By: Michael Dao
Independent games can be fantastic, and in an age of where most of the titles that are released from the big publishers are either sequels, prequels, remakes, reboots, or make the use of licensed material, indie developers are a great way to play games that are refreshingly unique and that sometimes push the boundaries of what we thought was possible. Stealth Bastard Deluxe: Tactical Espionage Arsehole, is a title which combines two wholly disparate genres in a manner which is sure to delight fans of either one. It manages to display a level of polish, refinement, ingenuity, and sheer cheek that sadly, the industry ofttimes lacks too much.
Stealth Bastard is a game that can be best described as a combination of Metal Gear Solid, and Super Meat Boy. The former is a third person action game that has a great deal of emphasis on combat and stealth, where the latter is an incredibly hard, yet incredibly satisfying puzzle-platformer. The genesis of this combination, I hope, was something akin to when people discovered that peanut butter and chocolate go together – two things people wouldn’t think to mix, but once discovered, is rather life-changing.
The title is simple in design, and plays as one would expect a platformer to. The single button used is to jump, and the player can hold up in order to activate switches along the way. It’s the design of how such a simple game proves the skill of the developers here. The player character has a set of what can only be night vision goggles, and provide a visual cue as to how stealthy or not so stealthy the player is. The goggles glow green when he’s in total darkness, yellow when only partially visible and red when fully exposed. The game also features various modern niceties, such as the ability to hang off of ledges.
In this make believe world of stealth tactical clones that is entirely made up and based nowhere near the real world, the levels can be designed in ways that are creative and fun. The game’s levels do a fantastic job of introducing new concepts. Instructions are provided to the player via literal writing on the walls, and it’s even hilariously entertaining to read when you inevitably fail. Death comes quickly and easily in Stealth Bastard, and thanks to the near instantaneous revival, you are controlling a clone after all, it never feels like a chore. It’s as if the game acknowledges that you are terrible at the game and just wants to make the bar to trying again and again incredibly low.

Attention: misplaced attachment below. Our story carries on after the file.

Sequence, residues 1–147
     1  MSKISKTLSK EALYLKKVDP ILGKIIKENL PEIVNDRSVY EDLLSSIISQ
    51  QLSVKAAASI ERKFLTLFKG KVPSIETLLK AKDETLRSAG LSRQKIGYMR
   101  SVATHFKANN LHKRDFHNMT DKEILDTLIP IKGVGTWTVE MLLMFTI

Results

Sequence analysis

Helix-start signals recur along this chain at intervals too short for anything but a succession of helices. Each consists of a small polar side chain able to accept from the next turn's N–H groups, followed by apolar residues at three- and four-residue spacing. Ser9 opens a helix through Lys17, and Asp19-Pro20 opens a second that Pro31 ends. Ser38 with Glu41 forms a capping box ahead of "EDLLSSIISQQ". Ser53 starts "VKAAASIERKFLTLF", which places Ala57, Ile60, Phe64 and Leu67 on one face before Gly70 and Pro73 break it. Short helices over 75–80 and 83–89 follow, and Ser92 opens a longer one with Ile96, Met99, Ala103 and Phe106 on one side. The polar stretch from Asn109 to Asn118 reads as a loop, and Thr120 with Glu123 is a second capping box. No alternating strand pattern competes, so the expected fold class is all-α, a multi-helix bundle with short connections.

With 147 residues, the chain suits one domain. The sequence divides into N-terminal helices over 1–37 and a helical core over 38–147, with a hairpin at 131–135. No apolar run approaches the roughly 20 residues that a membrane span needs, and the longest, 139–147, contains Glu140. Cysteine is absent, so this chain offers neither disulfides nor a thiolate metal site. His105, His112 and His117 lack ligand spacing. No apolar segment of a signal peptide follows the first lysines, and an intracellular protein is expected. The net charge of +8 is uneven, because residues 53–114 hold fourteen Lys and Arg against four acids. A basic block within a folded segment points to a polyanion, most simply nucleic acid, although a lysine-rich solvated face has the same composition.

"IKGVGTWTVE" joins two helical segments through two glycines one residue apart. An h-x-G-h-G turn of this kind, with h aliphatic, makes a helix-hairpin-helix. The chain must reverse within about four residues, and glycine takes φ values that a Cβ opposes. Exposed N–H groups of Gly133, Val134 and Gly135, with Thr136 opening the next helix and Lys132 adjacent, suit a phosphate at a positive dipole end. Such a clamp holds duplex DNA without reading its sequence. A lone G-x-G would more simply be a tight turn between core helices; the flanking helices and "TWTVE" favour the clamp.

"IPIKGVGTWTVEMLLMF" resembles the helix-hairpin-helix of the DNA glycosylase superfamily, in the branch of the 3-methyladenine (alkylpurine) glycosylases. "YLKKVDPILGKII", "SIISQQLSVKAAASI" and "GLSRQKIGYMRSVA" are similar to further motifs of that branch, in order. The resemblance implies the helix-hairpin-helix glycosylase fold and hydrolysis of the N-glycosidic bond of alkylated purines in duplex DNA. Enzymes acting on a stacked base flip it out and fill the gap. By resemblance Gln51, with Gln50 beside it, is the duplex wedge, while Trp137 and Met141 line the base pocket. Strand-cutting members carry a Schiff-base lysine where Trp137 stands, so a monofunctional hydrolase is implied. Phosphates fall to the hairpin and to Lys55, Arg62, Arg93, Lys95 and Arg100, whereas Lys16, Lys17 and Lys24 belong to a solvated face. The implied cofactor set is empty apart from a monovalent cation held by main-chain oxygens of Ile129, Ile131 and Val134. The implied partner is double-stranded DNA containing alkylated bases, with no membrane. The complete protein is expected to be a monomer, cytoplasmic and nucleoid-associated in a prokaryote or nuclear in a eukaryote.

Stealth Bastard starts off easily enough, and consists simply of sticking to the shadows and avoiding the eye of security cameras, but soon adds twists and turns to steadily ramp up the difficulty. There are robots with laser beams, environmental hazards, laser beams in general, spinning wheels of death, you name it. The one off putting thing about puzzle platformers is that the difficulty often ramps up too quickly, leaving the player stuck and needing to consult YouTube for a solution. In Stealth Bastard, the problem isn’t so much the puzzles, not only are they cleverly designed, but they tread that often oh so very thin line between too hard and too easy. They are hard enough where the player has to think and reason out the next step, but not so easy that there is no sense of accomplishment when completing a level. It feels really good to work out how to get through a certain level, and when the point does come that you get stuck and have to look for a video online, the solution is never one where you feel that you’d have never figured it out in a thousand years, it’s often a solution where you kick yourself for not having figured it out yourself because you just overlooked some small detail. Personally, I found that most of my deaths were a result of my execution. I knew what I needed to do to advance levels, I just didn’t have the hand eye coordination to do so, and it took a little bit of practice to clear certain areas.
The Deluxe version of the game comes with some 80 levels or so and is packed with replayability. Each level is timed and there are both global leader boards as well as a friends only leader board for the competitive sort. There’s also a level editor and the ability to play community levels. Upon beating a chapter, one can go back and use a different sort of clone with different gear and abilities to play in an entirely different manner. On top of all of these great features, Stealth Bastard feels like it was designed to fit in the life of a busy gamer. Each level takes no more than a few minutes to complete. Most of the levels, can be completed in or around a minute give or take, if you look at the leaderboards, and that’s not a bad thing. I’ve been playing the game in bite sized chunks, and it fits well in that capacity. It’s a great way to kill fifteen minutes or so while you’re waiting for your dinner to come out of the oven, or perhaps if you have a few minutes before your StratOp in Eve Online is set to begin. Overall, if you’re a fan of just one of the genres that comprises Stealth Bastard, it’s worth looking into.
Stealth Bastard is currently available on Steam.